Anderson Teak was established in 2002 and manufactures in Java, Indonesia. Furniture ships from a California distribution center.
All Teak is plantation grown and kiln dried. Skilled craftsmen hand-cut and sand all pieces to create beautiful, long-lasting outdoor furniture. Brass plated hardware and mortise and tenon joinery is used in the build.
- Why is Teak furniture more expensive than other hardwood furniture on the market?
There are a number of cheaper hardwoods used for outdoor furniture with all of them inferior to teak. “Jarrah” is the most common of these woods and it does not have the same life expectancy as teak - let alone the same touch, feel or aesthetic quality. Teak furniture is not expensive when you relate the cost to its life expectancy; you must remember this when comparing prices. You are not comparing like with like when you compare teak with any other wood. It is a strange anomaly that despite the fact it is built to endure decades in harsh weather conditions, our furniture is less expensive than other quality indoor chairs and tables.
- Do less expensive items in the range have the same quality as the more expensive?
Generally price is dictated by the shape and weight of a piece of furniture. The more shape a piece has, the more wood is required to make it along with taking more time to create. Also, the heavier the sections of wood used means more weight and thus more cost. No matter which piece of furniture you choose, you can be assured that the same quality teak and standard of workmanship is used along with the same methods of manufacture and assembly.
- How do I look after my teak furniture?
Teak is a natural product; it can be left out in the open all year round through rain, hail or shine. Its color will gradually mellow to a graceful silver grey. The character of your furniture will alter, but its strength will remain. An occasional scrub down with hot soapy water will compliment this process and discourage any moss growth.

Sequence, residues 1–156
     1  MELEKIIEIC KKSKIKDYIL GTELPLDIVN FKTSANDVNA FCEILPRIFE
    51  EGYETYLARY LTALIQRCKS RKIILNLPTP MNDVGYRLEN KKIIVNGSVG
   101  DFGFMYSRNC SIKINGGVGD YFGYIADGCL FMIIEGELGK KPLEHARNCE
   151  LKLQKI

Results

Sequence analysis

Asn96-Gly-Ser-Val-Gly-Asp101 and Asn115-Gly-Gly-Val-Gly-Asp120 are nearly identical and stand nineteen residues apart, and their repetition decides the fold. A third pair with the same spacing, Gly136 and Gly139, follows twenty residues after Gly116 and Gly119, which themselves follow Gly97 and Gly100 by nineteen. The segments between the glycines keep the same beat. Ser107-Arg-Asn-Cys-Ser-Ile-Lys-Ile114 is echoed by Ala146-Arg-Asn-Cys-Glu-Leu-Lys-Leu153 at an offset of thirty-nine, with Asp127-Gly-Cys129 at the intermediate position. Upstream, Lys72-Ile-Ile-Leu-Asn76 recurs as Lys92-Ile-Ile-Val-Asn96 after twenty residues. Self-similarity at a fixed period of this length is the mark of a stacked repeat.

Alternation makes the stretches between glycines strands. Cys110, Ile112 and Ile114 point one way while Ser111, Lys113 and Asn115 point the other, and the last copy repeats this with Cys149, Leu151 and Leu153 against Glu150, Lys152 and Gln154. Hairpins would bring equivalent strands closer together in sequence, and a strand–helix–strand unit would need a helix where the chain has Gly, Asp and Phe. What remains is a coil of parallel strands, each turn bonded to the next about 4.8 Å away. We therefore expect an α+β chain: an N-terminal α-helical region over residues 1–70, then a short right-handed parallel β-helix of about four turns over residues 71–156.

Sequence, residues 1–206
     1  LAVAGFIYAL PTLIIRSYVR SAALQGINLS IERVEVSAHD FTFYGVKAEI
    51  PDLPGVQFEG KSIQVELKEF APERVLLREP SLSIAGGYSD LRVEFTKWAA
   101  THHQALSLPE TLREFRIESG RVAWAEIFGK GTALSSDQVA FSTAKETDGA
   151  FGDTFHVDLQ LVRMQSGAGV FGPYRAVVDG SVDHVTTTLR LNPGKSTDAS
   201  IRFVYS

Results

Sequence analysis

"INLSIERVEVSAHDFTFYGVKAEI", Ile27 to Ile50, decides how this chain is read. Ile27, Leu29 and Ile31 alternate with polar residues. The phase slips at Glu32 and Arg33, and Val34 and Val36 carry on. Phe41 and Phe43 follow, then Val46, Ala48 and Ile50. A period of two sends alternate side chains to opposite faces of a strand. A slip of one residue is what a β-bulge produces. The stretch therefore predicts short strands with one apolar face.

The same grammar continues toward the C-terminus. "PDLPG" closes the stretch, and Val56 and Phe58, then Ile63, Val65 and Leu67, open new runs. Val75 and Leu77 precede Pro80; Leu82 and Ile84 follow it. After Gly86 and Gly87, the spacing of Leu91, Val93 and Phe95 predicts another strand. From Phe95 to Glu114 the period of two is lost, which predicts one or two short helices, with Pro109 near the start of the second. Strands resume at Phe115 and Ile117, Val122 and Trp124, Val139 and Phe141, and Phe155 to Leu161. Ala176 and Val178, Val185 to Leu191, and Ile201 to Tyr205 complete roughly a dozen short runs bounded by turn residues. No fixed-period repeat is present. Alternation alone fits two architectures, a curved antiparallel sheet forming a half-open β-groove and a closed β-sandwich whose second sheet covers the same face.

- How long will it last?
Teak furniture should last a lifetime if properly built in the first place. We use only the top grade kiln-dried timber, epoxy resins for lasting strength, and any metal parts are either stainless steel or solid brass, which will not rust or corrode when left outside. The top grade teak furniture which is used in all our furniture and with its high natural oil content, resists both warping and rot and ensures that Indian Ocean teak furniture will last more than a lifetime.
- Cracks appear periodically in my furniture and then go away?
This is perfectly normal as the wood breathes and reacts to variations in the moisture content of the air. The cracking tends to appear on the end grain sections and usually happens early in the life of the furniture. Cracks come and go depending on seasonal variations but rarely do they affect the strength, performance, or life expectancy of the item.
- Should I keep the furniture indoors during the winter months?
There is no problem wintering furniture outside, though it may need a washing down in spring before use. Should you prefer to bring your furniture indoors, our range of folding tables and chairs are perfect and can be easily tucked away when not in use.
- Spills, Stains, Chips and Scratches?
Most drink stains will weather out naturally or can be cleaned down with soapy water and a hard brush. Other damage or stains can be removed quite simply using ordinary sandpaper. The grade of sandpaper depends on the degree of damage. Serious damage - start with course and move up to fine. Light damage - fine grade is all you will need. Stains usually disappear with a light sanding.
- How easy is the furniture to assemble?
Most of the time the furniture is supplied flat-packed in semi-assemblies. Only few products come in fully assembles. All flat-packed items come with the hardware, dowels, screw glue and instruction manual. To make the furniture stronger and more stable, glue is required even though in some cases glue is not required. In most cases the furniture can be assembled within a few minutes by a single person with a minimum of tools. However, a helper is always useful.